Archive for the ‘Source Citations’ Category

A suggestion for FamilySearch…

FamilySearch has been busy lately. During the NGS Conference last week, two announcements were made for recenly digitized Civil War records and South Carolina records. But many other records have come online in the past few months.

I was excited to learn of two new databases for Maryland: “Maryland, Probate Estate and Guardianship Files, 1796-1940″ and “Maryland, Register of Wills Books, 1792-1983.” Though I frequently work with these record groups in their original form at the Maryland State Archives, the convenience of online access is still much-desired and much-appreciated.

However, I would like to make a suggestion to FamilySearch: Please identify the records correctly.

For the “Maryland, Register of Wills Books, 1792-1983,” for example, the search page provides the following “Source Information”:

“Maryland Probate Records,” database, ”FamilySearch” ([https://www.familysearch.org https://www.familysearch.org]); from various county clerk offices throughout Maryland.

I’m not sure which edition of Lackey’s Cite Your Sources or Mills’s Evidence! or Evidence Explained you are using, but this is not a source citation for the records in this collection.

The actual images of records included in this collection, furthermore, are not even all records from the Register of Wills. In Prince George’s County, for example, more than half of the records are actually records of the Circuit Court. This includes, but is not limited to, the record group identified on the website as “Circuit Court of Prince Georges County, 1841-1881.” There is no other identification as to what this collection actually contains.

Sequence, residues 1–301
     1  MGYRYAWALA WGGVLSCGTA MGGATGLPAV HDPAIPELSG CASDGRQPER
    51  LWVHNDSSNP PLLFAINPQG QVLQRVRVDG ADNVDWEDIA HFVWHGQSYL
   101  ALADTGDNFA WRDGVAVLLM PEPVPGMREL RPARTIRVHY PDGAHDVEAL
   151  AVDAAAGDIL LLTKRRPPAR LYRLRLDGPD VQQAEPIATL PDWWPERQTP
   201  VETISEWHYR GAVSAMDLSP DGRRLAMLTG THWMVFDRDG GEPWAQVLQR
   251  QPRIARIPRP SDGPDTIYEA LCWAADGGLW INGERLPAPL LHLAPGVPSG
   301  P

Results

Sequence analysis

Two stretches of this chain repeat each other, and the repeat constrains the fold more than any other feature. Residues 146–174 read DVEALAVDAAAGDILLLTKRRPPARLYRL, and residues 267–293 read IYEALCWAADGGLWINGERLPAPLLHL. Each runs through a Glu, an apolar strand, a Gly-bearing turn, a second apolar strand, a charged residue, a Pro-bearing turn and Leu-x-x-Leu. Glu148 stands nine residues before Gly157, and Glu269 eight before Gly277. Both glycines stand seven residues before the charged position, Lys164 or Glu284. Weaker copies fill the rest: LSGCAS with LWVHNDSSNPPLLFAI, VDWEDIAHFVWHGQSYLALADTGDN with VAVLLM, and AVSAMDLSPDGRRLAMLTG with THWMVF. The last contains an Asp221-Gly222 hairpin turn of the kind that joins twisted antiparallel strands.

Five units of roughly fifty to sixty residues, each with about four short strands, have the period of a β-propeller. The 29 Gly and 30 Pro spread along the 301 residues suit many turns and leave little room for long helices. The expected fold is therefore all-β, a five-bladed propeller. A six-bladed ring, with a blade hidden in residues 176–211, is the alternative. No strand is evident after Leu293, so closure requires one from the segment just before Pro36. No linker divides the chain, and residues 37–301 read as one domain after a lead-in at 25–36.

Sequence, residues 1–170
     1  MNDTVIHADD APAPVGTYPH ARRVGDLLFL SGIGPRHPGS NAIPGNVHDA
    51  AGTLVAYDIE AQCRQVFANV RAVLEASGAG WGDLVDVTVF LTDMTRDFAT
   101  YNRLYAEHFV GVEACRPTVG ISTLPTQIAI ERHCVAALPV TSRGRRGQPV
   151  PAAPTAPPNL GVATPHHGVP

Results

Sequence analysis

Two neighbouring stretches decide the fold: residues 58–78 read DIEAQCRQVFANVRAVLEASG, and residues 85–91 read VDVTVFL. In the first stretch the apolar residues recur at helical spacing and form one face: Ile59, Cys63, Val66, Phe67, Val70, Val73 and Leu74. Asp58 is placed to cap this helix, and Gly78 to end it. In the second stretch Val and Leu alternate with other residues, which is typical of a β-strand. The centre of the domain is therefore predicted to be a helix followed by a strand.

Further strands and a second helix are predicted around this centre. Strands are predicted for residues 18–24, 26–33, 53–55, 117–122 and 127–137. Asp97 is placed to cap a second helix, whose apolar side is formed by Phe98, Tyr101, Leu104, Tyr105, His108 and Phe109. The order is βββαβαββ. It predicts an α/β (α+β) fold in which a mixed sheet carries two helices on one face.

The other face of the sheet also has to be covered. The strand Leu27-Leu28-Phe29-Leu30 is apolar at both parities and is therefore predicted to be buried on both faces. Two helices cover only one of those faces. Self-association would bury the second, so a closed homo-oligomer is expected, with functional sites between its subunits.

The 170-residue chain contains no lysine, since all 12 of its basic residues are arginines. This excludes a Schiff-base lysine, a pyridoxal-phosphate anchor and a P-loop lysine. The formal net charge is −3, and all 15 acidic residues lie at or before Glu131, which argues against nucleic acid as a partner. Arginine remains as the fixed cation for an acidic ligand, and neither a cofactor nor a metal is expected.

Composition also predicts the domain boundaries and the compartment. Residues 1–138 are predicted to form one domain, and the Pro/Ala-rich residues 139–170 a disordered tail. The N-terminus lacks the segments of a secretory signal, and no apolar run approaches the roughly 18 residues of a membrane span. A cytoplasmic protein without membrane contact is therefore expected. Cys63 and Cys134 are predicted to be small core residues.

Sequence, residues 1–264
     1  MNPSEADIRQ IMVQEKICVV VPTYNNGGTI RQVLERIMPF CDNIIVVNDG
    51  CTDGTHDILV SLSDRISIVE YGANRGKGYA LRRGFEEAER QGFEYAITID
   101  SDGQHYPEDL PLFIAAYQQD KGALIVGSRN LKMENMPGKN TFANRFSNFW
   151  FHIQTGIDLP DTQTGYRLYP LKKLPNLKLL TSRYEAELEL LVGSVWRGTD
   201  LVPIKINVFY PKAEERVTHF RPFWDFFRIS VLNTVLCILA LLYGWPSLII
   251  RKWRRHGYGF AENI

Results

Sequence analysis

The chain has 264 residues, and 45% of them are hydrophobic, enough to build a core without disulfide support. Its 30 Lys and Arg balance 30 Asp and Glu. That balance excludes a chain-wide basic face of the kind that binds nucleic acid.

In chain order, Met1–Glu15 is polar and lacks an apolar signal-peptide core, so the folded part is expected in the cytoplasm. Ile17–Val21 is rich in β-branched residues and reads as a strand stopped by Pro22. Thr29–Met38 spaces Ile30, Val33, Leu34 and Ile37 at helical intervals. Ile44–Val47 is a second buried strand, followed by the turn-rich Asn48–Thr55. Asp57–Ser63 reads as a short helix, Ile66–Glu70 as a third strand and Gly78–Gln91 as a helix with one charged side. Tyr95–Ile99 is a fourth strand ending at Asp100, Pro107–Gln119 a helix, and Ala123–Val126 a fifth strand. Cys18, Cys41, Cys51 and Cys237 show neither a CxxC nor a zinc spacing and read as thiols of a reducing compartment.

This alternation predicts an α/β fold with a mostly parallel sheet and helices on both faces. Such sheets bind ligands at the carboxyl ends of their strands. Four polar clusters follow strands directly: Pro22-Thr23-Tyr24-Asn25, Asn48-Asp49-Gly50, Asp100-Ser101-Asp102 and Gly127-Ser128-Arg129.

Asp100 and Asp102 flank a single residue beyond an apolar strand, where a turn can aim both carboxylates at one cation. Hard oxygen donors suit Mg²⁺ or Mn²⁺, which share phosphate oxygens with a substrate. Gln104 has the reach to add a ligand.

In another example from Prince George’s County, the collection “Wills on Deposit, 1866-1958, A.H.L. No. 1″ does not contain any wills, but is actually a will index. The title of the collection is misleading.

Where did these records come from? Are they digitized microfilm from the Family History Library collections, as are most of the FamilySearch collections? The website does not say.

The FamilySearch Wiki page for these collections offers no other explanation of the collection. Instead it offers basic information about probate records in general. The “Record Description” reads,

Probate records were court documents and may have included both loose papers and bound volumes. The loose records were generally known as a case file or a probate packet. These files normally included wills, settlement papers, inventories, receipts, and other records pertaining to the estates.